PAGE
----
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Makhachev doesn't want to retire Poirier at UFC 302, just wants the lightweight title

Islam Makhachev Islam Makhachev - The Canadian Press

JERSEY CITY, N.J. (AP) — Islam Makhachev understood the reasons why Dustin Poirier would consider retirement after their lightweight title clash in the main event of UFC 302.

The 35-year-old Poirier has cited family, blossoming business interests, and just a general weariness of the grind that it takes to reach a championship bout as motives as to why he may call it quits, win or lose to Makhachev.

Makhachev just believed Poirier had more fight left in the tank.

“I hope he does not retire after this fight,” Makhachev said. “He’s one of the biggest names in the sport. That’s why I respect him. He’s had a lot of crazy, crazy fights in this sport.”

Unlike scores of trash-talkers in the fight game, Makhachev admires Poirier too much for the Russian to suggest he’ll be the one to retire the Louisiana native and send him fulltime into his hot sauce business.

Much like most any other fighter, Makhachev (25-1) certainly isn’t that humble to suggest Poirier will give him much of a fight.

“Just happy to beat someone who has (a) big name like Dustin,” Makhachev said. “For the legacy, it’s going to be maybe the biggest name on the list.”

The 32-year-old Makhachev is set for his third title defense since winning the 155-pound belt in 2022. Makhachev scored consecutive wins over Alexander Volkanovski last year, part of a 13-fight win streak he takes into the Prudential Center. Makhachev won the Volkanovski fights without friend, mentor and training partner Khabib Nurmagomedov in his corner. Nurmagomedov, who was 29-0 and the reigning lightweight champion when he retired after his final fight in 2019, stepped aside to spend time with his family.

Nurmagomedov decided the time was right to return and corner Makhachev, to his protégé’s delight.

“This means a lot,” Makhachev said. “He gives me good advice in a lot of fights. Against Gleison Tibau, he told me I should try and land a left hook. I did and I finished him. Against (Dan) Hooker, he gave me very good advice and I finished him by armbar.

“The good news, everybody was happy when Khabib said he would be in the corner. Everybody understands.”

The MMA world understands why Makhachev is widely considered the best pound-for-pound fighter in the sport. Poirier — with wins over four former UFC champions — said he’s on the fence about retirement as he prepared for his third shot at the lightweight crown. He was choked out by Charles Oliveira in a 2021 title fight. Nurmagomedov also made Poirier (30-8; 1 NC) submit in their 2019 title bout.

Perhaps Nurmagomedov passed along some winning pointers?

“If I want to make this fight easy, I know the way,” Makhachev said.

He has every reason to feel confident. Makhachev boasts the longest active UFC win streak and tied for third longest in the promotion’s history. He’s connected with 61.3% of his significant strike attempts as a UFC lightweight, the highest accuracy in 155-pound history. Oh, he’s also absorbed just 1.24 significant strikes per minute against UFC lightweight competition, tied for best in the division’s history.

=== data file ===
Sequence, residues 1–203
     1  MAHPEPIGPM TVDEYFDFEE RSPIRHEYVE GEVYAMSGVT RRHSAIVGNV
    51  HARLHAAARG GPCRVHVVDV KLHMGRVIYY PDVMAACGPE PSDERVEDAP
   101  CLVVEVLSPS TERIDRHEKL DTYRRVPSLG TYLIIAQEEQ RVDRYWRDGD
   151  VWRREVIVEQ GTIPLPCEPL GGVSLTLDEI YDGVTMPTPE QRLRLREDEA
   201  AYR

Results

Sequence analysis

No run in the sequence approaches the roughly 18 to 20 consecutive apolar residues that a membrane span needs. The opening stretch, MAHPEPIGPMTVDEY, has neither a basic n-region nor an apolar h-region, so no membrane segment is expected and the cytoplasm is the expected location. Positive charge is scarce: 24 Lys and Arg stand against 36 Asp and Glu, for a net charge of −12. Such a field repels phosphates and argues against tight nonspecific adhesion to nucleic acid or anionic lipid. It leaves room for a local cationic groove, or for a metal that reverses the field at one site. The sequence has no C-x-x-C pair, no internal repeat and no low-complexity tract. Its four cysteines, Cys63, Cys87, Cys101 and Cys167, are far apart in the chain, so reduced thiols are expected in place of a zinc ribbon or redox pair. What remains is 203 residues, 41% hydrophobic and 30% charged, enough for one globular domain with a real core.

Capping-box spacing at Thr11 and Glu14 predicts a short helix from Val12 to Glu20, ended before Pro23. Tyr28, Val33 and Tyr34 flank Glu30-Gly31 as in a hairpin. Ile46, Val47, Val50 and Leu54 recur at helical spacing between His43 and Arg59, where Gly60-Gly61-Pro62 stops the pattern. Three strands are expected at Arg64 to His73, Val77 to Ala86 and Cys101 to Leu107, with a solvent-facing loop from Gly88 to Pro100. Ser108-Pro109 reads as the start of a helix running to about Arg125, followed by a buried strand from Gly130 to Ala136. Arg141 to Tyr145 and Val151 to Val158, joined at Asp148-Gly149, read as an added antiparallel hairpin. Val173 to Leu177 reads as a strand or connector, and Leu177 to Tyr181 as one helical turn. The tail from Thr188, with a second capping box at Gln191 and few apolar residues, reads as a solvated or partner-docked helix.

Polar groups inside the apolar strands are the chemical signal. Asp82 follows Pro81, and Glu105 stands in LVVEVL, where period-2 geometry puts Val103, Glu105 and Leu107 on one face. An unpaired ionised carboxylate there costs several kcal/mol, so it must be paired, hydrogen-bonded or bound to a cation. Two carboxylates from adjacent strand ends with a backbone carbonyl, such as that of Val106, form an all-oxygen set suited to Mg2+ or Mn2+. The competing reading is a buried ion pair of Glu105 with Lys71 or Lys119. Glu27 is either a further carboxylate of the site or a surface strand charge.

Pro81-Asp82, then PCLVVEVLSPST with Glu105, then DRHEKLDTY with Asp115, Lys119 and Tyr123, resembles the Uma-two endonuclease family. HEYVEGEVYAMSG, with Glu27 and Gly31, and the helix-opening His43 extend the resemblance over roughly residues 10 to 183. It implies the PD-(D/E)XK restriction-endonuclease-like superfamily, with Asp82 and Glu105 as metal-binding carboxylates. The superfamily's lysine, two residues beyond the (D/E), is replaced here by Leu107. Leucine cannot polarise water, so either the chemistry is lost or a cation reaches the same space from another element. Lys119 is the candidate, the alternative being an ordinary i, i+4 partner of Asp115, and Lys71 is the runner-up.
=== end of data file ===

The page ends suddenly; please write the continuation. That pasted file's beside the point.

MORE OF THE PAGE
“I’m a different level,” he said. “I’m the best fighter in the world right now.”


Kevin Holland took his middleweight fight against Michal Oleksiejczuk on short notice, just shy of three months after he lost to Michael Page at UFC 299.

Holland said he could have fought the returning Nick Diaz in August at UFC’s card in Abu Dhabi (Diaz instead will fight Vicente Luque). Holland said he didn’t want to wait the extra two months to fight, he was ready now after losing four of his last six fights. An outspoken marijuana fan, Holland suggested Abu Dhabi’s cannabis ban also played a role in him passing on the proposed fight.

“I think it’s a beautiful place and if they allow us some greenery for the week, we’ll be there,” Holland said. “No greenery, it’s just hard for me to do. You already have to do it for fight week. You get here, you don’t smoke. It’s just the thought that like, right after I knock this guy out, I can’t go smoke no weed? I don’t know how these people do it.”


Brazilian fighter Paulo Costa should stick to his day job after throwing a first pitch at a New York Mets game this week that sailed left — wide, wide left.

Costa rivaled rapper 50 Cent with one of the worst first pitches in recent history at Citi Field. The right-handed Costa, who wore tight dress slacks and a button-down shirt on the mound, chucked the pitch well to the left of the left-handed batter’s box.

“It was amazing, great. I just missed the guy,” Costa said, laughing. “I put too much power, I think. I tried to put the speed on the ball. I was not accurate. It was funny.”

Costa can only hope he has better luck in his middleweight fight against Sean Strickland — the former UFC middleweight champion and winner of three of his last four fights — than the Mets in a loss in the first game of Tuesday’s doubleheader after his throw against the Los Angeles Dodgers.

“Next time, I will try (and) hit the guy and bring better luck for the Mets,” he said.

Costa has lost three of his last four fights.


UFC continues to feel at home in New Jersey.

Last May, UFC 288 attracted a sold-out crowd of more than 17,500 fans and recorded a gate of $5.2 million, making it the highest-grossing sporting event in Prudential Center history.


The card marks the official debut of new fight gloves, designed in large part to stunt eye pokes that often render fighters unable to continue, the first major change of the protective equipment in more than a decade.

UFC said the gloves should provide fighters with enhanced protection, improved fit, greater comfort and maximum flexibility.


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